“I sure will. Nice talking to you, George.”

He nodded and smiled again, then turned and strode purposefully off toward the Lady Libertygrandstand.

*******

As the western sky began to redden, the crowd started to gather in and around the grandstand. Chamber of Commerce officials had roped off a large area of the infield, just inside the far turn, where the fireworks would be detonated. Families sprawled on quilts in the rest of the infield, staking out space from which to observe the much-anticipated display.

George paced the enclosure, frequently wiping his brow as he observed the preparations of the pyrotechnician. The man had set up a long, narrow table, crisscrossed by scorch marks. He was laying on it a collection of tubes, rockets, and canisters. He made numerous trips to the interior of his painted wagon, always returning with another armload of mysterious and imposing articles. The wagon was painted a brilliant red, and on its side it advertised the name and vocation of the owner. “Horatio P. Folger, Esq.: Explosives Expert, Fireworks, Rainmaking, & Etc.,” it announced in ornate gold-highlighted black letters that followed each other round in an elaborate oval. In the center of the oval were the words “Atlanta, Georgia, United States of America (God Bless the USA).” Beneath, in finer, more sedate black print and straight lines, was an amplification: Available for Civic Events . . . Private Celebrations . . . Land Clearing … Demolition … and Various & Sundry Other Uses.”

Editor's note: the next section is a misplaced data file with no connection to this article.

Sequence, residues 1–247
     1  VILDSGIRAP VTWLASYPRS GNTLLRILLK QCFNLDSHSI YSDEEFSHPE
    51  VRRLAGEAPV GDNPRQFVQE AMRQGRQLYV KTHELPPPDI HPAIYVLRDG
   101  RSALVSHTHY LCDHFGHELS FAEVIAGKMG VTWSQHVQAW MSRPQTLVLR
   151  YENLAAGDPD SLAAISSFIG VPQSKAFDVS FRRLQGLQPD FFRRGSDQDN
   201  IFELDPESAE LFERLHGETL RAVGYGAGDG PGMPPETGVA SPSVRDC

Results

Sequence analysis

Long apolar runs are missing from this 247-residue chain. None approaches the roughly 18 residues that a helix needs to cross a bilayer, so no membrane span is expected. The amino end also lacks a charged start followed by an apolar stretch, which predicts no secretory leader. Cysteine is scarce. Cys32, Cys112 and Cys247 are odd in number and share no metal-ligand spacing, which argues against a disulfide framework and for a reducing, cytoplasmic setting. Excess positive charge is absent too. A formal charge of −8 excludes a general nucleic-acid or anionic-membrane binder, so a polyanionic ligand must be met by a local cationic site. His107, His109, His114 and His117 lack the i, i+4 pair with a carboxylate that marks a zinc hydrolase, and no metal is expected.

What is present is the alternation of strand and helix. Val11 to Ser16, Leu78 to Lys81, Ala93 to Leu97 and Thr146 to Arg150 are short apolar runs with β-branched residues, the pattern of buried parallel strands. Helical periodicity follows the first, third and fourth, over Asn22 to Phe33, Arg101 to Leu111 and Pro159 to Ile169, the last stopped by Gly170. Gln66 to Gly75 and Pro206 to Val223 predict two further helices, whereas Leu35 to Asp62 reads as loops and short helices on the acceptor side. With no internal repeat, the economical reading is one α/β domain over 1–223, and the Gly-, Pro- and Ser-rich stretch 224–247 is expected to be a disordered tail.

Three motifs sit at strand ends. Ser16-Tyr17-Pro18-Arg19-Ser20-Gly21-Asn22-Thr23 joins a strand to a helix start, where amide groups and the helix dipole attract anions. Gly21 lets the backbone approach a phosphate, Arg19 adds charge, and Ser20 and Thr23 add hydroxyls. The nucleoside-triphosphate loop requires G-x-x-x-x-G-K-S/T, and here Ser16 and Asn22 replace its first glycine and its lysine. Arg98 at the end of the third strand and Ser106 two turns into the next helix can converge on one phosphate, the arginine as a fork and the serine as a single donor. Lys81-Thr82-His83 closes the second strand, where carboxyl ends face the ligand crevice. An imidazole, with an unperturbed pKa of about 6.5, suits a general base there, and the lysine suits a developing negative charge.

George had been watching Horatio P. Folger since his arrival in the midafternoon. Folger had a florid complexion and a prodigious moustache with waxed handlebars. He wore a derby that apparently never left his skull, despite the summer heat. Predictably, a train of boys had trailed him into the fairgrounds and loitered about his wagon, occasionally making half-hopeful offers to assist, which were refused with a chuckle and a shake of the head. And, of course, under his watchful eye, no one dared approach the wagon for a closer look. Horatio P. Folger had evidently been at this for some time.

George was considerably relieved to lay eyes at last on this man. Upon the skill and provision of Horatio P. Folger hung the success or failure of Chattanooga’s Independence Day festivities. George well knew that six months from now very few would remember who had won the cake-baking contest or the horseshoe tournament, but everyone would recollect and discuss at length any perceived inadequacy of this, the capstone event.

Folger went methodically about his business, now and again casting a quick eye at the western horizon. At the center of the roped-off staging area he had placed five or six metal tubes, arranging them in a ten-foot circle. To George, they suspiciously resembled artillery mortars. In a concentric arc fifteen feet outside the circle, Folger had deployed three metal racks that appeared to be frames for launching skyrockets. Each rack could hold four rockets.